The Data Center Frontier Executive Roundtable features insights from industry executives with lengthy experience in the data center industry. Here’s a look at the insights from Peter Panfil of Vertiv.
Peter Panfil is the Vice President of Global Power at Vertiv. He leads strategic customer development for the Power business and works to apply the latest power and control technology to proven and emerging topologies to provide the availability, scalability and efficiency levels customers demand. Approaching 30 years in critical space, he has held executive positions including VP Engineering and VP/GM AC Power prior to his current responsibilities. He is a frequent presenter and spokesperson for industry trade shows, conferences and media outlets serving the IT, facilities and engineering industry.
Here’s the full text of Peter Panfil’s insights from our Executive Roundtable:
Data Center Frontier: How is edge computing evolving, and what use cases and applications are gaining the most traction with customers?
Peter Panfil: Edge computing is an extremely versatile strategy that can be used to support a range of applications depending on where it is deployed. Vertiv has identified four edge computing models – from the device edge to the regional edge – and the applications being supported by these models, or a combination of them, can be very different.
We recently surveyed the market and found that the most popular applications being supported by micro edge sites, which we define as deployments of less than four racks, were predictive and condition-based maintenance, supply chain management, and real-time inventory management. In larger regional edge deployments, we are seeing growth in high-performance computing applications with rack densities for some sites pushing 50 kW. Where there used to be high-density pockets of IT spread around in data centers, they are now getting concentrated in liquid-cooled containers at the edge.
So, the edge is evolving in multiple ways with one common denominator – growth in both the amount of compute, and the percentage of an organization’s compute, deployed at the edge.
Data Center Frontier: Last year’s major service outages at Facebook and Amazon Web Services sharpened the focus on data center reliability. As companies embrace the benefits of cloud and hybrid IT architectures, what are the key strategies for ensuring uptime?
Peter Panfil: To meet growing demand for services, cloud operators have to balance speed-of-deployment, cost, reliability and sustainability. In some cases, infrastructure redundancy has been sacrificed to achieve lower build costs, which can backfire if downtime causes the market to lose confidence in the reliability of cloud services.
Two trends have emerged that enable operators to achieve their speed and cost goals without compromising reliability. One is value engineering of high-utilization critical power architectures that maintain redundancy while eliminating stranded capacity and maximizing efficiency. The other is the availability of modular prefabricated data centers, which can be deployed in less time than is possible using traditional construction methods while delivering extremely low PUEs and high availability.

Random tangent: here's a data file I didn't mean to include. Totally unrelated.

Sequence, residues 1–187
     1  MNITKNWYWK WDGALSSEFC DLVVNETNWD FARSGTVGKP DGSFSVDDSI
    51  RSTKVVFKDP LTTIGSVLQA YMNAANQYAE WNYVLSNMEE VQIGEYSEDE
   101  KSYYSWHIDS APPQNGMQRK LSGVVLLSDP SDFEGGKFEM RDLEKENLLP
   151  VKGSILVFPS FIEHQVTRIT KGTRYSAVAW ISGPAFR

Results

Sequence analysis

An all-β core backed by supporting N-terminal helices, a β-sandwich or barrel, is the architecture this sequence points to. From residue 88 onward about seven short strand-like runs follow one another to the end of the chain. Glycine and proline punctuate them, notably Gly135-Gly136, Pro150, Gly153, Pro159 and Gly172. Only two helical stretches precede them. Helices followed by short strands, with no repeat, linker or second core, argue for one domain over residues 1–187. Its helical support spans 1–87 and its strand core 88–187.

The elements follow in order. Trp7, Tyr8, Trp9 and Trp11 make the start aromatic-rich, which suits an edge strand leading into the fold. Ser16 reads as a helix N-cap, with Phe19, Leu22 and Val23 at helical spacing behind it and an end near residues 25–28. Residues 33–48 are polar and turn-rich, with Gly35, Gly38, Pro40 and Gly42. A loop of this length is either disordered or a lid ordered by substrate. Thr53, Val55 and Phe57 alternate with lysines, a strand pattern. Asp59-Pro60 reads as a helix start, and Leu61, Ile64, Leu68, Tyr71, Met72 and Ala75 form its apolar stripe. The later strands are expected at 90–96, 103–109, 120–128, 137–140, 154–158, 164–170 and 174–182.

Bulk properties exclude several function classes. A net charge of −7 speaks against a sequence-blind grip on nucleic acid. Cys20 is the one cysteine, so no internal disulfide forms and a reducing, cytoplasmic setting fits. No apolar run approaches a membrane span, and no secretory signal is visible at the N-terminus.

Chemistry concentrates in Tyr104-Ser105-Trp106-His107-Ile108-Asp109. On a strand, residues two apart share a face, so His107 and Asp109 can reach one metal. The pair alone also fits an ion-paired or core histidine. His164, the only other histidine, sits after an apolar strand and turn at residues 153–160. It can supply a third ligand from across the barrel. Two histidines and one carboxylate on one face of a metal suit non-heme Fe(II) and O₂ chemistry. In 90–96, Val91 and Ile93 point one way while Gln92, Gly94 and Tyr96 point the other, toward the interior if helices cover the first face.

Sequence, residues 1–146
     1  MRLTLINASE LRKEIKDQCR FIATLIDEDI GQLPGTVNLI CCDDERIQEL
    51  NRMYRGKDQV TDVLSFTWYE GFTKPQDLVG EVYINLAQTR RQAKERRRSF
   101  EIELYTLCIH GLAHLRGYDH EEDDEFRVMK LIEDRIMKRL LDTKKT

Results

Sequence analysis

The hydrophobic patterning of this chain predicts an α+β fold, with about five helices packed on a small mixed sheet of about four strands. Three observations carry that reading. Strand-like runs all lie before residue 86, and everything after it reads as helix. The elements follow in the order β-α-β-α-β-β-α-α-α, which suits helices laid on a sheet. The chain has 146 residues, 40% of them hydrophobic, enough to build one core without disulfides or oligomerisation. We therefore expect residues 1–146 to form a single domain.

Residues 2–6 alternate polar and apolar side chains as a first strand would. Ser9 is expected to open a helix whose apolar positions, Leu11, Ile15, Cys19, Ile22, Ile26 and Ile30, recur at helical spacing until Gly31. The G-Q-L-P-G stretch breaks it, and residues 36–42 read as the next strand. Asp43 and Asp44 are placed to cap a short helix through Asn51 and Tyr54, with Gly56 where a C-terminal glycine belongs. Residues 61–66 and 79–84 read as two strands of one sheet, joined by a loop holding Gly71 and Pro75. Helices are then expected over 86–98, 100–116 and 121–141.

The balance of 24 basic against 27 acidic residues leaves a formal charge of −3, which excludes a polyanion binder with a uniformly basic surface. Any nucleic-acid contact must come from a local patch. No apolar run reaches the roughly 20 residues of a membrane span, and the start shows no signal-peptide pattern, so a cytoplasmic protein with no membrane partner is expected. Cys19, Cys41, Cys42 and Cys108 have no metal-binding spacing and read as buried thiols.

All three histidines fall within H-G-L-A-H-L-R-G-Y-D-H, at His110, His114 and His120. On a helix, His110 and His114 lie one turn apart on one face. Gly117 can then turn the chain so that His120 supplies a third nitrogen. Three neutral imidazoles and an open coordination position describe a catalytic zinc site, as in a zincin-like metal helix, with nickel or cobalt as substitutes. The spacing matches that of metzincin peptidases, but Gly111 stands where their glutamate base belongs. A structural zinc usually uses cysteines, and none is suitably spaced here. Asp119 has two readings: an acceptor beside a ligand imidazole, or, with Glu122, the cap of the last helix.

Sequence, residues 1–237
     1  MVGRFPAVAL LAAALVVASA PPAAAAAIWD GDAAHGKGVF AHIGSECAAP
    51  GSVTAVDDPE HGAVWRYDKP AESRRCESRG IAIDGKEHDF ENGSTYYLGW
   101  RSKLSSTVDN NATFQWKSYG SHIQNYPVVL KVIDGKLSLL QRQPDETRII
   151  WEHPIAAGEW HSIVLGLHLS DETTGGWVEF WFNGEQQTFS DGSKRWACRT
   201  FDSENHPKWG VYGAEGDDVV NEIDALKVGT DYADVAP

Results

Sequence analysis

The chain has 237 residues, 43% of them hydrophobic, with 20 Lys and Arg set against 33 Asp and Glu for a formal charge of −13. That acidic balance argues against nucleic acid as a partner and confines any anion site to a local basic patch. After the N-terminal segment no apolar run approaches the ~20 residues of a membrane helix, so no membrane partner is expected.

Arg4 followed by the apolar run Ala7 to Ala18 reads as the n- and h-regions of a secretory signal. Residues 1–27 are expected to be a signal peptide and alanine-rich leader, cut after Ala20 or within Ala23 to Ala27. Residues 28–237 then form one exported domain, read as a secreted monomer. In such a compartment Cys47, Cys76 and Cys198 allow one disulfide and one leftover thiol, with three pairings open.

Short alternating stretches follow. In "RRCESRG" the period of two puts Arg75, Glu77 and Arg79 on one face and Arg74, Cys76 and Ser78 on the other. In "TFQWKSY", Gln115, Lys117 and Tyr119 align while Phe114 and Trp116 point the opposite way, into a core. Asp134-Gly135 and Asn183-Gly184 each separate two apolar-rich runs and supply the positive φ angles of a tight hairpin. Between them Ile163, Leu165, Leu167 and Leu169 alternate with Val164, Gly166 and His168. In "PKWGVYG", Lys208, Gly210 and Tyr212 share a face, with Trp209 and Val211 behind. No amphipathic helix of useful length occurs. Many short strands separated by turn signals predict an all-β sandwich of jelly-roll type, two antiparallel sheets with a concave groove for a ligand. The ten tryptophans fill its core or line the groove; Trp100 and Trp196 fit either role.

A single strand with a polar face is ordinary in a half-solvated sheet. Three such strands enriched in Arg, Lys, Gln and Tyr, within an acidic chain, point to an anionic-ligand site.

Data Center Frontier: How would you assess the state of the data center supply chain? Are the global supply chain challenges impacting the delivery of data center capacity?
Peter Panfil: The pandemic has created disruptions in the supply chain, as has the way data centers responded to it. Many are taking a “bounce forward” approach in which they are conducting major modernization and upgrades so they can come out of this period stronger and more resilient than they went into it. That has put further pressure on the supply chain.
Vendors across the value chain are working with their customers to get ahead of supply chain issues through proactive communication, longer term project planning, and enhanced maintenance practices that extend the lifecycle of existing equipment.
Data Center Frontier: Several data center observers, including The Uptime Institute, have highlighted nuclear power as an option for data center operators to create a low-carbon energy future. Is turning to nuclear power – either through power purchase agreements or modular reactors – a viable option for the data center industry? Should it be?
Peter Panfil: We are seeing a sense of urgency around moving away from fossil fuels and enhancing data center resource utilization among many operators. We expect most to turn to renewable energy rather than nuclear power to achieve their sustainability goals. When paired with fuel cells for energy storage, the traditional UPS is morphing into an Intelligent power converter that allows the grid to provide emergency backup power.
Locally generated renewable energy presents the clearest and most cost-effective path toward a sustainable and climate-friendly future for the industry. The technologies required to support this goal are already further along than many realize, and are advancing rapidly.